By Phillip Whitten
LAUSANNE, Switzerland, November 20. PRINCE Alexandre de Merode, the controversial head of the International Olympic Committee (IOC) Medical Commission and an IOC member since 1964, died today at the age of 68.
The IOC released the following statement: "It was with great sadness that the International Olympic Committee learned this morning of the death of Prince Alexandre de Merode, an IOC Member since 1964. The IOC expresses its deepest sympathy to the Prince de Merode's family."
From Havana, Cuba, which he currently is visiting, IOC President Jacques Rogge, a fellow Belgian, immediately declared: "The Olympic Movement has lost an exceptional man. Through his charisma and his
convictions, the Prince de Merode was a fervent defender of Olympic values throughout his life. He was, in particular, one of the pioneers in the fight against doping, creating the IOC Medical Commission in 1967. His ideas and energy helped to begin an unceasing fight against doping and any activity damaging the integrity of sport. We have all lost a remarkable colleague, a humanist at the service of sport."
Not everyone shared that assessment. Critics cited his reluctance to extend drug-testing to new performance-enhancing substances; his opposition to developing new and more sensitive testing protocols; his opposition to stiff penalties for athletes found to have tested positive for performance-enhancing drugs; and the mysterious disappearance from under his control of alleged positive test results from a number of high-profile athletes.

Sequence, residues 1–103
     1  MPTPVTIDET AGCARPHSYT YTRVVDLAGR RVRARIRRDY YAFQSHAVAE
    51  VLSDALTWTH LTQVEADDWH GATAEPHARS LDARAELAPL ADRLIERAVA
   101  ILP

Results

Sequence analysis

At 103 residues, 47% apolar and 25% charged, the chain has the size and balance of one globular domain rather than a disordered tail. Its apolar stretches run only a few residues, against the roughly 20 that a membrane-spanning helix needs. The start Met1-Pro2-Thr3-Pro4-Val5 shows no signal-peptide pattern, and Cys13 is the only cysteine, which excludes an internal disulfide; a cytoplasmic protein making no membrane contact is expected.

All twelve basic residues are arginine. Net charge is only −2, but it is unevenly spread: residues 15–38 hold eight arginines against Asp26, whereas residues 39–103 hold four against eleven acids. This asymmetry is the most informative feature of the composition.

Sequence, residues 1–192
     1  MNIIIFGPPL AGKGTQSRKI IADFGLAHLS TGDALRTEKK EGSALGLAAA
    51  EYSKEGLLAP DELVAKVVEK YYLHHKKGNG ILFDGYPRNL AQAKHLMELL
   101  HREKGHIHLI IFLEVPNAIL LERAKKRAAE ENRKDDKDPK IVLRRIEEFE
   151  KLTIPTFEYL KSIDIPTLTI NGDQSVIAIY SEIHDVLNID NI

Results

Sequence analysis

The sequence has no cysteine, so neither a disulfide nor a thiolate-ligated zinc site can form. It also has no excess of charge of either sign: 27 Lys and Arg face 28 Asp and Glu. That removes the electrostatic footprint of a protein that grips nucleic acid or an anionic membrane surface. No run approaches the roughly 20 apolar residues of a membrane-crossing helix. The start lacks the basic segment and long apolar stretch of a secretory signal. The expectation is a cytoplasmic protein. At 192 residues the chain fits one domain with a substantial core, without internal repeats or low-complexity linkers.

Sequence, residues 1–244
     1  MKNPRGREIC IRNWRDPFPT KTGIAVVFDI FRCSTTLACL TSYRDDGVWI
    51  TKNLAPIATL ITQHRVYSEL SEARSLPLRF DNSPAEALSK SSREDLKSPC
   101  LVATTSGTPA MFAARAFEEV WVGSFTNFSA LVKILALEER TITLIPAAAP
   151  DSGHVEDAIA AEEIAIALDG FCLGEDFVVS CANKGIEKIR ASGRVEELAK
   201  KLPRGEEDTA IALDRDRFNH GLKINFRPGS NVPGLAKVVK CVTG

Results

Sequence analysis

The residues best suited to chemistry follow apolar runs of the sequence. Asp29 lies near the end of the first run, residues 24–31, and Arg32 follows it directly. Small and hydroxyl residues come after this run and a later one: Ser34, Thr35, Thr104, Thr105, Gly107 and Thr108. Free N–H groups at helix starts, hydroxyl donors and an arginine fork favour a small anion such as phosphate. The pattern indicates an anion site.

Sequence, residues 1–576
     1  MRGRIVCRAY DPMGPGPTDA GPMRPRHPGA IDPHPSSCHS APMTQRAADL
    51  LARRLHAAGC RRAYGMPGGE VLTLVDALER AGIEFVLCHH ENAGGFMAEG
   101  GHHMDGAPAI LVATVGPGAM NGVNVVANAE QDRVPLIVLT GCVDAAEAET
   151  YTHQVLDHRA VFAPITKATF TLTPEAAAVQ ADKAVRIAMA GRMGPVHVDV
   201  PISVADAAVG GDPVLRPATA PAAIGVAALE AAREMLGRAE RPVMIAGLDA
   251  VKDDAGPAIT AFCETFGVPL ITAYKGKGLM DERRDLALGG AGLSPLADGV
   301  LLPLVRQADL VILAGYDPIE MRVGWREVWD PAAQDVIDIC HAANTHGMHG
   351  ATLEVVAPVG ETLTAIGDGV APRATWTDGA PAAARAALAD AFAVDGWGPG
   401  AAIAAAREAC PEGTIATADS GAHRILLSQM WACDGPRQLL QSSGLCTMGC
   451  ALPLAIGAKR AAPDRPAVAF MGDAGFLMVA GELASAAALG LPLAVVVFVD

Born in 1934 in Etterbek (Belgium), the Prince de Merode began his career as President of the Belgian Supreme Council for Physical Education, Sport and Outdoor Life. He then went on to head the Anti-Doping Commission of the Belgian Ministry of Public Health (French Community), before becoming an administrator within the Belgian Olympic and Interfederal Committee.
In the IOC, he was a close confidant of President Juan Antonio samaranch, a member of the Executive Board from 1980 to 1990, Vice-President from 1986 to 1990 and
from 1994 to 1998, and Chairman of the Medical Commission from 1967 onwards. In 1999, the Prince de Merode was appointed a member of the IOC 2000 Reform Commission.